With rocking chairs on porches, small businesses, galleries, and eateries lining a main street (East Genesee Street) and lakeside greens, the town really does look something straight out of a movie.
There’s a lot to do here: hike to Carpenter Falls, sample delicious wines from local vineyards, go boating, or just take in the stunning Skaneateles Lake from an adorable gazebo in Clift Park.
Once you’re done exploring, indulge yourself in wood-fired pizzas or delicious, greasy burgers.
11. Cold Spring
If you’re looking for a serene little town in New York, Cold Spring is the place to be.
The 19th-century well-preserved buildings will take you back in time, but that’s not all there is.
In this little town, you can hike through the West Point Foundry and Preserve and the Hudson Highlands or walk the 3.7-mile loop to the top of Breakneck Ridge to get an unforgettable view of the Hudson Valley.
Other interesting activities include fishing, swimming, or kayaking along the Hudson River, exploring the history of Boscobel House & Gardens, checking out the Bannerman Castle, and shopping at small boutique stores.
What makes Kingston one of the best small towns in New York is that there’s something to do for everyone.
Historic buildings and funky shops line the uptown area, while midtown features a theater along with more shops.
If you love architecture, you absolutely have to check out the Stockade district, which houses old stone houses.
And if you’re feeling adventurous, you can head downtown, where you can opt for trolley rides and sightseeing boat tours (the town is set on the Hudson River), visit museums (like the Maritime Museum), check out the music stores and cafés, or go to the Forsyth Nature Center.
Cooperstown is famous for its National Baseball Hall of Fame, but you’ll be surprised by the number of things you can do here.
Since it sits on Otsego Lake, it promises picturesque views of the countryside, the surrounding hills, and the clear blue water.
And if you’re up for it, you can go boating, swimming, or fishing, hike in Glimmerglass State Park, or check out Fairy Springs Park.
And if you love museums, you’ll have a grand time here.
The town is home to many museums, including the Farmers Museum (the oldest living museum in the country) and the Fenimore Art Museum, and Hyde Hall.
14. Saratoga Springs
No list of small, cute towns in New York is complete without Saratoga Springs, and rightfully so.
Victorian homes with swings on porches, well-maintained gardens, and lush trees everywhere make this town seem something out of a fairy tale.
But scenic views aren’t the only thing the town offers; you can watch a movie in a drive-in theater, visit museums, or go golfing or hiking.
There’s also a racing Hall of Fame and a racetrack for horse lovers!
15. Lake Placid: small towns or cities in New York
Well-known for hosting the Winter Olympics, Lake Placid in the Adirondacks is great for adventure junkies.
Here, you can take a trip to the stunning Rainbow Falls, hike at Mount Marcy, paddle or skate on Mirror lake, go downhill skiing, or climb Wallface for some remarkable views.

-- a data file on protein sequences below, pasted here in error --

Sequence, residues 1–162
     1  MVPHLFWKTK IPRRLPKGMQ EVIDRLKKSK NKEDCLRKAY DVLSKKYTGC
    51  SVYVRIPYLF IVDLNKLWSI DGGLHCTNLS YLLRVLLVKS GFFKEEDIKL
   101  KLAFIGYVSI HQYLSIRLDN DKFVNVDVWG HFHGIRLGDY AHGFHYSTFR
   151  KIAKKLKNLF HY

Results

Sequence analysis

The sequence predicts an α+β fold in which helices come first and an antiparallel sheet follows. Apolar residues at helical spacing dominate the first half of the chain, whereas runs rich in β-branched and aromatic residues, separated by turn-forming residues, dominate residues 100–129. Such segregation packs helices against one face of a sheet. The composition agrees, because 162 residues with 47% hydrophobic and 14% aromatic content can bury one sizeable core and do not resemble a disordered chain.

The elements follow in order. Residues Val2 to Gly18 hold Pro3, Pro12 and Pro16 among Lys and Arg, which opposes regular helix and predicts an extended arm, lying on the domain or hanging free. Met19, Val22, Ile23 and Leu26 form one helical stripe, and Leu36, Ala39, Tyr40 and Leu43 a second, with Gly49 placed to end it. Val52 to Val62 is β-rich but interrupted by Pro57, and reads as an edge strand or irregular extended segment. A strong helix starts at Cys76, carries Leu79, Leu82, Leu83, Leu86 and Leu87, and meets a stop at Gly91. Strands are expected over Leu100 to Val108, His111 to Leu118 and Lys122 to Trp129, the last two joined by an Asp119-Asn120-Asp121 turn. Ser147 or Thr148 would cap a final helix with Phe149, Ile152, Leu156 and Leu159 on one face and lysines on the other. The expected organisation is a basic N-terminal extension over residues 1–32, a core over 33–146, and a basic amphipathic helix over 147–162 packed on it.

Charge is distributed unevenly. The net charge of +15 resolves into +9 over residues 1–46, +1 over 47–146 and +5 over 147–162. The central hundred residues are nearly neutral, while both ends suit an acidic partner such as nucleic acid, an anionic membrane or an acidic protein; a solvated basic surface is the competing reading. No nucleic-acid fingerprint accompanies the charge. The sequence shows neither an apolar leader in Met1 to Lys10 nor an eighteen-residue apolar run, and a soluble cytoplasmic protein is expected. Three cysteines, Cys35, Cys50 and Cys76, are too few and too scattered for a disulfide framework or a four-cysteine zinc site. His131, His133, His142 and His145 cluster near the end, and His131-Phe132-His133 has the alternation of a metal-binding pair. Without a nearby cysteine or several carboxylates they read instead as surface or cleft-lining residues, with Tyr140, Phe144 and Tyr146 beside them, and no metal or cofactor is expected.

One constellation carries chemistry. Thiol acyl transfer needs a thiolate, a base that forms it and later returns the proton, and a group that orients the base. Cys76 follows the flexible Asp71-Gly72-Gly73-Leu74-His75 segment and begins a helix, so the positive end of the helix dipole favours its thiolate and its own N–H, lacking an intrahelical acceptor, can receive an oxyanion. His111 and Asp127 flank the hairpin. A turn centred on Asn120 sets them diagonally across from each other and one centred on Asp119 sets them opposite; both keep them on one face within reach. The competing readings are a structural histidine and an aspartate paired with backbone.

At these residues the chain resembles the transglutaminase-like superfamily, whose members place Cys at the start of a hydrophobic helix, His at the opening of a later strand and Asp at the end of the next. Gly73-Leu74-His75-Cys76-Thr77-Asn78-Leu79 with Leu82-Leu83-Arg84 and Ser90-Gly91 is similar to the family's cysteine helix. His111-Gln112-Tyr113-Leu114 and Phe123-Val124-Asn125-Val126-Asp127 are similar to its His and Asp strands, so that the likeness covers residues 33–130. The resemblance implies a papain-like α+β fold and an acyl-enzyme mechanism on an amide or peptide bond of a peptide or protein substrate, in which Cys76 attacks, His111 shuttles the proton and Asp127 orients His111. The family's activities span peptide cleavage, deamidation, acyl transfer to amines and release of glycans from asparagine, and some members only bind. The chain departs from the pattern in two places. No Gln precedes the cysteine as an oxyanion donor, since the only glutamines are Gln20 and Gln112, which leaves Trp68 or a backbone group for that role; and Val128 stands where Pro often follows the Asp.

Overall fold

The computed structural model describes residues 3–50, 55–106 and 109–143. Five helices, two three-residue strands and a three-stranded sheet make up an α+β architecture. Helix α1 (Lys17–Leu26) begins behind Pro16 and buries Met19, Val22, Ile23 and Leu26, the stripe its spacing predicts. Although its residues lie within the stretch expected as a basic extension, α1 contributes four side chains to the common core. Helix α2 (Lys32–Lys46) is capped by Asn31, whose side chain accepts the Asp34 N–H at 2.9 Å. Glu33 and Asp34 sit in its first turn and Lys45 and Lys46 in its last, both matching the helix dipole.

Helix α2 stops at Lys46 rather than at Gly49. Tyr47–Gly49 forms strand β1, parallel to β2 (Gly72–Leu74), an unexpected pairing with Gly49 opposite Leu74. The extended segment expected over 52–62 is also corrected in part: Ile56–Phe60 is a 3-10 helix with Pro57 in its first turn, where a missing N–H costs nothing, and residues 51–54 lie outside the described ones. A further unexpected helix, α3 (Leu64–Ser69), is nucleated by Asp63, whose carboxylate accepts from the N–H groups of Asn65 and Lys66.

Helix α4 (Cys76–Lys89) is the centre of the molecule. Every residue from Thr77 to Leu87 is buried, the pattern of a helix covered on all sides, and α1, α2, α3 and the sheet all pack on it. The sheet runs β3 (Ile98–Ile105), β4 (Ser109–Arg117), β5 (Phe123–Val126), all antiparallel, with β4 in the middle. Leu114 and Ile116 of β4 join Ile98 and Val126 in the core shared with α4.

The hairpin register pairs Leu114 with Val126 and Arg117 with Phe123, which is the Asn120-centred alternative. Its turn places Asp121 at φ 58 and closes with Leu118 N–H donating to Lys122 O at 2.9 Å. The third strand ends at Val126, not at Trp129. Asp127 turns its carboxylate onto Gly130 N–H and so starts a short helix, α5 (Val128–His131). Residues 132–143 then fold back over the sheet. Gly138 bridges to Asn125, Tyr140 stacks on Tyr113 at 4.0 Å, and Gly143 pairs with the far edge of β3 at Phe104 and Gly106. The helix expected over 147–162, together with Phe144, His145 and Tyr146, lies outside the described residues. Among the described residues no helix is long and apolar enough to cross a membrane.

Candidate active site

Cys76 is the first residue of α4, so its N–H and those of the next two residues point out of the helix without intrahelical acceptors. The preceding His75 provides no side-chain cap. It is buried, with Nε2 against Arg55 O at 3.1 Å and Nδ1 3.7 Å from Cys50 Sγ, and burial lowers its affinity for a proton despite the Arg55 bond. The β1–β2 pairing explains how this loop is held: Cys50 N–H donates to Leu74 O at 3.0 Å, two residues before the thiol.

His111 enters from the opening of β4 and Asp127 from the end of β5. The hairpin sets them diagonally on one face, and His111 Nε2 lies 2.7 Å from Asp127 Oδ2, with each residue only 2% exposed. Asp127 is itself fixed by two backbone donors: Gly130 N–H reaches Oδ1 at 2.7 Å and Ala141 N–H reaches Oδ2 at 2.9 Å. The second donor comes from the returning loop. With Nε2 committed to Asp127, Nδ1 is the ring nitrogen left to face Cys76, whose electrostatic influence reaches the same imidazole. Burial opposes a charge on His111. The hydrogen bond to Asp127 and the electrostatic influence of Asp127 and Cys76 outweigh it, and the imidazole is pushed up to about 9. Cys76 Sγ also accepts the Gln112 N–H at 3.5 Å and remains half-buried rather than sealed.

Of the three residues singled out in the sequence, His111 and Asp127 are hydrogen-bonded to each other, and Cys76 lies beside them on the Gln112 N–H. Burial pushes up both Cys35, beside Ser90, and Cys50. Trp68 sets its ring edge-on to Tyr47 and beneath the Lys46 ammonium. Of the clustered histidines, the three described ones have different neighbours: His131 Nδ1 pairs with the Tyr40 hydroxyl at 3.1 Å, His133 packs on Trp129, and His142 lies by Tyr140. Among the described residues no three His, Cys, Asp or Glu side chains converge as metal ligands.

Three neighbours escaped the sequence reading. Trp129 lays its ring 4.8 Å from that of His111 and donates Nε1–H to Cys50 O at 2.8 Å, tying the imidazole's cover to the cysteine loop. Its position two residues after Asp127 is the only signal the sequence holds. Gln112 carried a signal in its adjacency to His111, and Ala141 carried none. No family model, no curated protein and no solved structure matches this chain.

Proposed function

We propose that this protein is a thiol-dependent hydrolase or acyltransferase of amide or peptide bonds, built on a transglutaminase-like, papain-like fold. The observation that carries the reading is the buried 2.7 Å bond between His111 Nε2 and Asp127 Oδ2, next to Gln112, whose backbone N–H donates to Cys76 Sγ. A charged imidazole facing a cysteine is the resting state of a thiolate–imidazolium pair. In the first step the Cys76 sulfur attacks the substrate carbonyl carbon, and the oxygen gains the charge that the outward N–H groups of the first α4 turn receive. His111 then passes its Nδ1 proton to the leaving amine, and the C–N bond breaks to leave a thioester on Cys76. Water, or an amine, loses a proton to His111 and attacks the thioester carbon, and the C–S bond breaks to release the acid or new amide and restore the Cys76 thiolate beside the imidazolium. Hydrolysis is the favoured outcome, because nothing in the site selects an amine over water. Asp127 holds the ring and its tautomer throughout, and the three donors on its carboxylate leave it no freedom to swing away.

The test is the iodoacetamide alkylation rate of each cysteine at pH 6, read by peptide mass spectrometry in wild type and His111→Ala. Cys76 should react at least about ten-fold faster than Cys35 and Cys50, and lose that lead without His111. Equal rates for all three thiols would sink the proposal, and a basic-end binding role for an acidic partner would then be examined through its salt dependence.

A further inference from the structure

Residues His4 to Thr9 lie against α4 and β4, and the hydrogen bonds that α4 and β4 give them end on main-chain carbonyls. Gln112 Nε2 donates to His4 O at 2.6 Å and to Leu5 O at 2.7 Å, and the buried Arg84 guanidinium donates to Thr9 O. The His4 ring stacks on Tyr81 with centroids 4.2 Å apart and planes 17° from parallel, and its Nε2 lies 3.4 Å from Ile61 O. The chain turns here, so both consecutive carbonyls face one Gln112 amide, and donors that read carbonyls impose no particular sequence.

Other activities you can partake in include sailing, swimming, fishing, mountain biking, and even bobsledding!
And if you want to have a relaxing day, hit the downtown for some food and shipping or just wind down by the shore.
16. New Paltz
This is one of the best small towns in New York to live in, especially because of the diversity it offers.
In fact, it’s even a popular vacation spot (in addition to being a college town)!
History buffs can hit Historic Huguenot Street to check out the stone homes built by Huguenot settlers in the 1700s, while outdoor enthusiasts can go hiking at the Mohonk Nature Reserve or spend the afternoon horseback riding and biking on the Wallkill Valley Rail Trail and art lovers can go to the Samuel Dorsky Museum of Art.
17. Lake George
Lake George is also situated in the Adirondacks, which means you get to wake up with awe-inspiring views of the stunning lake and the gorgeous mountains in this New York small town.
Some highlights of the town include the Million Dollar Beach, Great Escape (amusement park), Glens Falls Drive-In (drive-in theater), and numerous islands for campers, such as the Little Gourd Island.
In the summer, beat the heat by going swimming, whitewater rafting or boating, or spend your day horseback riding.
And if you’re up for something more adventurous, you can go scuba diving, parasailing, kayaking, or zip lining through an aerial course.
You can hike through the gorges surrounding the villages and take photos of the bewitching waterfalls, including the Ithaca Falls, to fill up your gram!
After a day of activities, head over to Ithaca Commons, which houses eateries, shops, museums, and other outlets to keep you occupied.
And if you have more time to kill, you can just drive to parks like the Taughannock Falls State Park or the Buttermilk Falls State Park.
Most people come to Lewiston because of its proximity to Niagara Falls, but it’s a great place for those who love history and arts.
One of the most prominent attractions here is the Artpark, which, among other things, houses an amphitheater that hosts numerous events.
You also can’t miss Center Street, at the end of which, lies the Niagara River.
And of course, there’s no shortage of watersports here, but make sure you at least take a whirlpool jet boat tour that takes you through the Devil’s Hole rapids.
Saugerties is a historic landmark and houses the iconic Saugerties Lighthouse.
The main street is lined with mom-and-pop shops, diners, and antique stores in 19th-century fashion.
While you’re here, make sure you go to the Esopus Bend Nature Preserve, the Catskill Animal Sanctuary, and Opus 40, an outdoor sculpture park.
Another picturesque lake town that you should definitely visit is Canandaigua.
Like other lake towns, you can do a bunch of water sports here, like paddleboarding, kayaking, or taking a pontoon boat, or you can have a relaxing day exploring the many local restaurants, art galleries, and bed and breakfasts.
For a little throwback, make sure you check out the Granger Homestead & Carriage Museums (yes, a museum for antique carriages) and the Sonnenberg Gardens & Mansion!